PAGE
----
The National Cryptologic Museum, which opened in 1993, is the National Security Agency’s “principal gateway to the public.”
Photos and text by Barbara Haddock Taylor
Museum visitors catch glimpses into the secret world of our nation’s efforts at codemaking and codebreaking throughout its history, from the time of Thomas Jefferson until the early 2000s. Thousands of artifacts help tell the story of the United States’ efforts to keep its secrets and to learn those of other nations.
Several of the exhibits focus on the many unsung heroes in the cryptology world, such as the Navajo codebreakers of World War II and Frank Rowlett, an American who invented the SIGABA machine, a message encryption machine with 15 rotors whose code was never broken and was used from World War II until the 1950s.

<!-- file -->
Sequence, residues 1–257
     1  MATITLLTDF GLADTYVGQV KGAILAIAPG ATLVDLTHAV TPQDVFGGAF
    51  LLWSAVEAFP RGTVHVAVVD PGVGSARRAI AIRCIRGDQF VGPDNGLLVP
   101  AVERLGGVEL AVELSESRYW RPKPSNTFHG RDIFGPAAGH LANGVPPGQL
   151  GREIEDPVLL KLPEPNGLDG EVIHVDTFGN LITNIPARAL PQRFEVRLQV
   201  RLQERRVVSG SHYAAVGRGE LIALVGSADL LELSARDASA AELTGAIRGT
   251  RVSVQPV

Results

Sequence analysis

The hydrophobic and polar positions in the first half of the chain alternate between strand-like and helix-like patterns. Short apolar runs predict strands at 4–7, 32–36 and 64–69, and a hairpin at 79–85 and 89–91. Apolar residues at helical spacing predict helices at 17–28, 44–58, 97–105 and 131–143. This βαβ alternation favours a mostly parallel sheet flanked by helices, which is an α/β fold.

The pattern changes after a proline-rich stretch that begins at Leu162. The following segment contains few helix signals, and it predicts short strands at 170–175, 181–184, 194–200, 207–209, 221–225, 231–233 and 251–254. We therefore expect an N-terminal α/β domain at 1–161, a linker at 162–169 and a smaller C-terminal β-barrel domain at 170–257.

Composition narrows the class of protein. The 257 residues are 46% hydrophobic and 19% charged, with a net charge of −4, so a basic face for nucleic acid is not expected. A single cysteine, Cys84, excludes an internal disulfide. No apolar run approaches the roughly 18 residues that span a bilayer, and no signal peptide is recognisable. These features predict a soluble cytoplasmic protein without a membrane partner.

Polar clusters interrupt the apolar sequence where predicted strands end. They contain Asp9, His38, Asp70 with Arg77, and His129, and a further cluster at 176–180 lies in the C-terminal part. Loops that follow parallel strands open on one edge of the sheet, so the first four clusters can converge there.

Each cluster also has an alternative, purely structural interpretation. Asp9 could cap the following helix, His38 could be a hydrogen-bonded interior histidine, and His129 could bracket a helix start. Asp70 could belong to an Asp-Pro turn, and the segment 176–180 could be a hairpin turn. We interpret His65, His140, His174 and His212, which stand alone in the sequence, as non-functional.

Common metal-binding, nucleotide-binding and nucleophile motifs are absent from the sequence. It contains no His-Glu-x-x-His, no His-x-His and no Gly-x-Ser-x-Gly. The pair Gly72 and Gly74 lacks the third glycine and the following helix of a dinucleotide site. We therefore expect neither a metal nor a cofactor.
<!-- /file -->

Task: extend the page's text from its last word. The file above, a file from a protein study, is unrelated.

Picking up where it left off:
Visitors can see fascinating machines such as the Frostburg Super Computer, used from 1990 until 1997, which did computations at the rate of 65 billion per second. They can encrypt their own message on a genuine German “Enigma” machine from World War II, which was considered unbreakable until a group of mathematicians from Poland solved the cipher system. Their efforts enabled the United States and its allies to read all the German plans for World War II.